FBI Official Acknowledges Using Top Secret Hacking Weapons

FBI Official Acknowledges Using Top Secret Hacking Weapons by Robert Hackett.

From the post:

The Federal Bureau of Investigation recently made an unprecedented admission: It uses undisclosed software vulnerabilities when hacking suspects’ computers.

Amy Hess, head of the FBI’s science and technology arm, recently went on the record about the practice with the Washington Post. “Hess acknowledged that the bureau uses zero-days,” the Post reported on Tuesday, using industry-speak for generally unknown computer bugs. The name derives from the way such flaws blind side security pros. By the time attackers have begun taking advantage of these coding flubs, software engineers are left with zero days to fix them.

Never before has an FBI official conceded the point, the Post notes. That’s noteworthy. Although the news itself is not exactly a shocker. It is well known among cybersecurity and privacy circles that the agency has had a zero day policy in place since 2010, thanks to documents obtained by the American Civil Liberties Union and published earlier this year on Wired. And working groups had been assembled at least two years earlier to begin mapping out that policy, as a document obtained by the Electronic Frontier Foundation privacy organization and also published on Wired shows. Now though, Hess, an executive assistant director with the FBI, seems to have confirmed the activity.

(People surmised as much after the FBI was outed as a customer of the Italian spyware firm Hacking Team after hackers stole some of its internal documents and published them online this year, too.)

The agency’s “network investigative techniques,” as these hacking operations are known, originate inside the FBI’s Operational Technology Division in an enclave known as its Remote Operations Unit, according to the Post. They’re rarely discussed publicly, and many privacy advocates have a number of concerns about the system, which they say could potentially be abused or have unsavory consequences.

Robert does a great job in covering this latest admission by the FBI and pointing to other resources to fill in its background.

It’s hard to think of a better precedent for this use of hacking weapons than of Silverthorne Lumber Co., Inc. v. United States
251 U.S. 385 (1920).

The opinion for the majority of the Supreme Court was delivered by Justice Holmes at the height of his career. It isn’t long so I quote the opinion in full:

This is a writ of error brought to reverse a judgment of the District Court fining the Silverthorne Lumber Company two hundred and fifty dollars for contempt of court and ordering Frederick W. Silverthorne to be imprisoned until he should purge himself of a similar contempt. The contempt in question was a refusal to obey subpoenas and an order of Court to produce books and documents of the company before the grand jury to be used in regard to alleged violation of the statutes of the United States by the said Silverthorne and his father. One ground of the refusal was that the order of the Court infringed the rights of the parties under the Fourth Amendment of the Constitution of the United States.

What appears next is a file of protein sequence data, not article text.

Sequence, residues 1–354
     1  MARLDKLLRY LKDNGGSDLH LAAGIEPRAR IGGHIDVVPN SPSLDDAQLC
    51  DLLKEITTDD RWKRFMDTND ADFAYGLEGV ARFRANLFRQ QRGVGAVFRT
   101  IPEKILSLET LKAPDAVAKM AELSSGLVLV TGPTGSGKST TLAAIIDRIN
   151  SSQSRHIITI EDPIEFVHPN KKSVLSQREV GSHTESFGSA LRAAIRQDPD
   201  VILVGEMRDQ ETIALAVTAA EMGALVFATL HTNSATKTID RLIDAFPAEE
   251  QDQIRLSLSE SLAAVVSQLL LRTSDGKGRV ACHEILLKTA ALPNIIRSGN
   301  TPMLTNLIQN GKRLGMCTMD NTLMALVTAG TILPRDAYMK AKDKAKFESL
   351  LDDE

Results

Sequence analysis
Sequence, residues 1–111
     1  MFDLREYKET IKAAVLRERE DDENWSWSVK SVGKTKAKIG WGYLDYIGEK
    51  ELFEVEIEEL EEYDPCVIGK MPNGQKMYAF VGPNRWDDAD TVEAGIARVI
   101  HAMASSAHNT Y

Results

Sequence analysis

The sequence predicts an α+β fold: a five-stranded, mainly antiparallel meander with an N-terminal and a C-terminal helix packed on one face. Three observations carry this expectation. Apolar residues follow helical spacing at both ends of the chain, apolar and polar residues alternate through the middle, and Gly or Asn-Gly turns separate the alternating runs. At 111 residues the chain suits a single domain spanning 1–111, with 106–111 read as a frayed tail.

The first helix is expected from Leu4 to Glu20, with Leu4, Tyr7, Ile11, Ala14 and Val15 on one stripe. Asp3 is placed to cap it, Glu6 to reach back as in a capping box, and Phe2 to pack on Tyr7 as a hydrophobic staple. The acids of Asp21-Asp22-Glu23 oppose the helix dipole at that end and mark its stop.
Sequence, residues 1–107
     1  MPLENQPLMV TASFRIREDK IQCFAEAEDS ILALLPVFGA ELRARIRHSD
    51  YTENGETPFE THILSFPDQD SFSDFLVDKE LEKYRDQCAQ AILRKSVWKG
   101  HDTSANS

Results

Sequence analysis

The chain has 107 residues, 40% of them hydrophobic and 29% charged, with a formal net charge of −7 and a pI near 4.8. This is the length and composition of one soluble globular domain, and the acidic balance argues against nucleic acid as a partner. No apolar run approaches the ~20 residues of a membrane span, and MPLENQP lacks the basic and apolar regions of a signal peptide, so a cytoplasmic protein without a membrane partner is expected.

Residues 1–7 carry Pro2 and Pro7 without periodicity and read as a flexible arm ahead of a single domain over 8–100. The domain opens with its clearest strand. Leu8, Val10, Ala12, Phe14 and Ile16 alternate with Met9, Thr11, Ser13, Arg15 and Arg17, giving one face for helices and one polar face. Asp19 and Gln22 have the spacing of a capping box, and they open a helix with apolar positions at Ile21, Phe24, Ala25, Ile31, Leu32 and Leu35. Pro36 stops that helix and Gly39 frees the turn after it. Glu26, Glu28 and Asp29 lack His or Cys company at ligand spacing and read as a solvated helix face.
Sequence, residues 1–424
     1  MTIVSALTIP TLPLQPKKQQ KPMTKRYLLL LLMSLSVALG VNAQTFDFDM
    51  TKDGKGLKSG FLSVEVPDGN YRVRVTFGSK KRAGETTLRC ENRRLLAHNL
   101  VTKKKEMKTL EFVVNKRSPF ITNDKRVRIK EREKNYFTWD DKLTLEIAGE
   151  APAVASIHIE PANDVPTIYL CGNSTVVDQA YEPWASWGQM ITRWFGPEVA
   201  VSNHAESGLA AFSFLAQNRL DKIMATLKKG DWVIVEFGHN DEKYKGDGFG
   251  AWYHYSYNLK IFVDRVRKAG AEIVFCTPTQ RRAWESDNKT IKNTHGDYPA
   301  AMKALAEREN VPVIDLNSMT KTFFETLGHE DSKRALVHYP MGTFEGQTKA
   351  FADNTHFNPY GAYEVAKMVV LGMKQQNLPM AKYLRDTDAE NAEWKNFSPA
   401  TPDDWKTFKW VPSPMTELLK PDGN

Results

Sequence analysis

The facts are simple. An indictment upon a single specific charge having been brought against the two Silverthornes mentioned, they both were arrested at their homes early in the morning of February 25, and were detained in custody a number of hours. While they were thus detained, representatives of the Department of Justice and the United States marshal, without a shadow of authority, went to the office of their company and made a clean sweep of all the books, papers and documents found there. All the employes were taken or directed to go to the office of the District Attorney of the United States, to which also the books, &c., were taken at once. An application, was made as soon as might be to the District

Page 251 U. S. 391

Court for a return of what thus had been taken unlawfully. It was opposed by the District Attorney so far as he had found evidence against the plaintiffs in error, and it was stated that the evidence so obtained was before the grand jury. Color had been given by the District Attorney to the approach of those concerned in the act by an invalid subpoena for certain documents relating to the charge in the indictment then on file. Thus, the case is not that of knowledge acquired through the wrongful act of a stranger, but it must be assumed that the Government planned or at all events ratified, the whole performance. Photographs and copies of material papers were made, and a new indictment was framed based upon the knowledge thus obtained. The District Court ordered a return of the originals, but impounded the photographs and copies. Subpoenas to produce the originals then were served, and, on the refusal of the plaintiffs in error to produce them, the Court made an order that the subpoenas should be complied with, although it had found that all the papers had been seized in violation of the parties’ constitutional rights. The refusal to obey this order is the contempt alleged. The Government now, while in form repudiating and condemning the illegal seizure, seeks to maintain its right to avail itself of the knowledge obtained by that means which otherwise it would not have had.